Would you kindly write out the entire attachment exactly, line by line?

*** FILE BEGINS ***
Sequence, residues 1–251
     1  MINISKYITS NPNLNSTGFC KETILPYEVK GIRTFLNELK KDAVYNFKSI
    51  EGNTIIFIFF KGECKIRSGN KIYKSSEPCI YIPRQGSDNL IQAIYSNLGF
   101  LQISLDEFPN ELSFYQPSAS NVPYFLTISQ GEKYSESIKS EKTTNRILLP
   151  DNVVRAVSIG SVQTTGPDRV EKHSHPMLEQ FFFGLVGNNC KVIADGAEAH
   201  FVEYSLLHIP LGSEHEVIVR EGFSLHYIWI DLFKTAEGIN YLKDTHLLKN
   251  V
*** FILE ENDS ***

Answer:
Sequence, residues 1–251
     1  MINISKYITS NPNLNSTGFC KETILPYEVK GIRTFLNELK KDAVYNFKSI
    51  EGNTIIFIFF KGECKIRSGN KIYKSSEPCI YIPRQGSDNL IQAIYSNLGF
   101  LQISLDEFPN ELSFYQPSAS NVPYFLTISQ GEKYSESIKS EKTTNRILLP
   151  DNVVRAVSIG SVQTTGPDRV EKHSHPMLEQ FFFGLVGNNC KVIADGAEAH
   201  FVEYSLLHIP LGSEHEVIVR EGFSLHYIWI DLFKTAEGIN YLKDTHLLKN
   251  V